The results from this study provide evidence that excess synthesis of basement membrane components, such as collagen type IV, and the subsequent thickening of the vascular basement membrane may play a far more critical role during the breakdown of blood retinal barrier as seen in diabetic retinopathy than so far suspected. To our knowledge, this is the first study that shows increased protein expression for both LOX and proLOX under HG condition in RRECs and in diabetic rat retinas and that the HG-induced increase in LOX activity could lead to altered cross-linking of collagen fibrils and contribute to excess permeability. Our data also show increased LOX expression in retinas of diabetic rats that supports a previous study reporting increased LOX-dependent cross-linking in skin collagen in diabetes (34
). Although the changes in dermal collagen reported in the earlier study are presumably types I and III, nevertheless, changes in LOX observed in this study suggest that similar biochemical alterations affect different collagen types present in various tissues in diabetes.
A study examining glomerular basement membrane collagen and LOX-mediated cross-links in experimental diabetes reported that the ratio of dihydroxylysinonorleucine to hydroxylysinonorleucine was increased, suggestive of altered cross-linking in diabetes (35
). The development of basement membrane thickening in glomerular and retinal capillaries, a histologic hallmark of diabetic microangiopathy, is associated with increased vascular leakage. In this context it seems quite paradoxical that thickened basement membranes are more permissive to permeance; currently a mechanism for this observation is unknown. Data presented here implicate increased LOX expression and activity as mediating, at least in part, increased permeability through retinal basement membranes. To date, only the expression of LOXL2 seems to be implicated in diabetes and specifically in diabetic nephropathy. Microarray analysis of human biopsy samples from patients with DN suggested that LOXL2 was among the HIF target genes that were found to be upregulated, though the increased expression was confirmed only by real-time PCR analysis (36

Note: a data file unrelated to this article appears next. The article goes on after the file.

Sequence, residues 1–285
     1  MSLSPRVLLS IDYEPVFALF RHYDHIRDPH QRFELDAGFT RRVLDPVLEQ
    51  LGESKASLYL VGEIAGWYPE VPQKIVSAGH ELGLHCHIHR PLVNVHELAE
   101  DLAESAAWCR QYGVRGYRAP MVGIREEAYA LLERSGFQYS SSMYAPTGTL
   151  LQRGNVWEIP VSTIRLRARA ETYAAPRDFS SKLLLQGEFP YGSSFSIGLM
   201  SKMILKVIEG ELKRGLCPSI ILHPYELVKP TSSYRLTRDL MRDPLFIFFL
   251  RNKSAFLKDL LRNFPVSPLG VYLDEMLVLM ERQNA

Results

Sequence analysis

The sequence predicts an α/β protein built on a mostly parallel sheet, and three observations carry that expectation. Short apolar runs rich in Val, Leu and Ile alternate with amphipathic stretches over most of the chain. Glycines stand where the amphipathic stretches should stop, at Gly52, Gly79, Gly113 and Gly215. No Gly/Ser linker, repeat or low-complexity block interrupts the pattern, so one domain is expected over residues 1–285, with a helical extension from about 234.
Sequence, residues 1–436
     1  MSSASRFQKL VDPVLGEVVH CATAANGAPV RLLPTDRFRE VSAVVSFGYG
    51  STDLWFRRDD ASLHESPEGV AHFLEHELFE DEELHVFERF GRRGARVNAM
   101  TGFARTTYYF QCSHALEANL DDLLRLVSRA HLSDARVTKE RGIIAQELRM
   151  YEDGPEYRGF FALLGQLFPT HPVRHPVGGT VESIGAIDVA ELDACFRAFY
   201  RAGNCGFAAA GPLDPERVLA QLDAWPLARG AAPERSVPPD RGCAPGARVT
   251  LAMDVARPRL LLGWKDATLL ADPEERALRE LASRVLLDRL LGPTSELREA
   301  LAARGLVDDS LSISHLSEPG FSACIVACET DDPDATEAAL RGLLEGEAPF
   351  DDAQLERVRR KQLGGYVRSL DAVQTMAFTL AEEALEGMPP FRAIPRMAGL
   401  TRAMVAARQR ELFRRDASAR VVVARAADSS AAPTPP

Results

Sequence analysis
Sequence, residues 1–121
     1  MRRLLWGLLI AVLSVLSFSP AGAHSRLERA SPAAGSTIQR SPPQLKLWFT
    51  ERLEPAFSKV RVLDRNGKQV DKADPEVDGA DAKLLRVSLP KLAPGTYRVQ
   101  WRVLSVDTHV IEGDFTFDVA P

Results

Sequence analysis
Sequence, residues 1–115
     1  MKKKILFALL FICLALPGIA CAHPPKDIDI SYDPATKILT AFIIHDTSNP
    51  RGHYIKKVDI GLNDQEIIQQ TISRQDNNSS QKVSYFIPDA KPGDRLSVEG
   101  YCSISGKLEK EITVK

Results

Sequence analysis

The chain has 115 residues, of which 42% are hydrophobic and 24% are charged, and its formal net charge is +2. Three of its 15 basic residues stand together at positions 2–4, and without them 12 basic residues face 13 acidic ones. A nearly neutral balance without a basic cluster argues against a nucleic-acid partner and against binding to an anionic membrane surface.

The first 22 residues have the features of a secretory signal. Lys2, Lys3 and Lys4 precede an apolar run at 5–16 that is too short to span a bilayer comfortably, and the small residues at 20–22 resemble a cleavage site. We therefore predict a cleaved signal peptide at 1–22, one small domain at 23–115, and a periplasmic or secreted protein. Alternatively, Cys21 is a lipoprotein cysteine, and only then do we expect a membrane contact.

). Furthermore LOXL2 has been reported to have amine oxidase activity, but unlike its family members, its enzyme activity was apparently not inhibited by BAPN (30
). There are no reports that lysyl oxidase isoforms LOXL1, LOXL3, and LOXL4 are regulated by HG conditions or diabetes. LOXL1 has been reported to play a role in pseudoexfoliation glaucoma and primary open angle glaucoma. LOXL3 and LOX4 have been implicated in breast cancer invasion and head and neck squamous cell carcinoma (15
). ECM accumulation is now considered to play a more mechanistic role in the development of compromised barrier function. Recent observations point to fibrotic matrices as providing excess ligands for cell surface receptors such as integrins, that in turn modulate cell signaling responses and enhance local synthesis of proteolytic enzymes (13
). Similarly, upregulation of LOX in several invasive cancers has provided additional support for the concept that a fibrotic matrix can be more permeable than a normal matrix (39
). It is possible that elevation of LOX and consequent increased cross-linking may make fibrotic matrices more conducive for permeability of soluble molecules because of strains and resulting gaps between collagen fibrils. Detailed direct ultrastructural analyses of basement membrane integrity after increased LOX-mediated cross-linking may help us understand LOX dependent effects on basement membranes and increased permeability.
Although collagen fibrillar arrangements are stabilized by covalent cross-links, excessive cross-linking could contribute to disorganized assembly of the collagen fibrils. Electron microscopic investigation has revealed fine structural changes in the collagen fibrillar arrangement in diabetes (40
). These differences included increased packing density of collagen fibrils, decreases in fibrillar diameter, and abnormal fibril morphology showing collagen fibrils that appeared twisted, curved, overlapping, and otherwise highly disorganized, suggestive of excess cross-linking that is known to tighten collagen fibrils (40
). Diameter measurements on fibrils obtained during a time course of assembly have demonstrated that a fibril diameter distribution are dependent on late-stage assembly of fibrils (41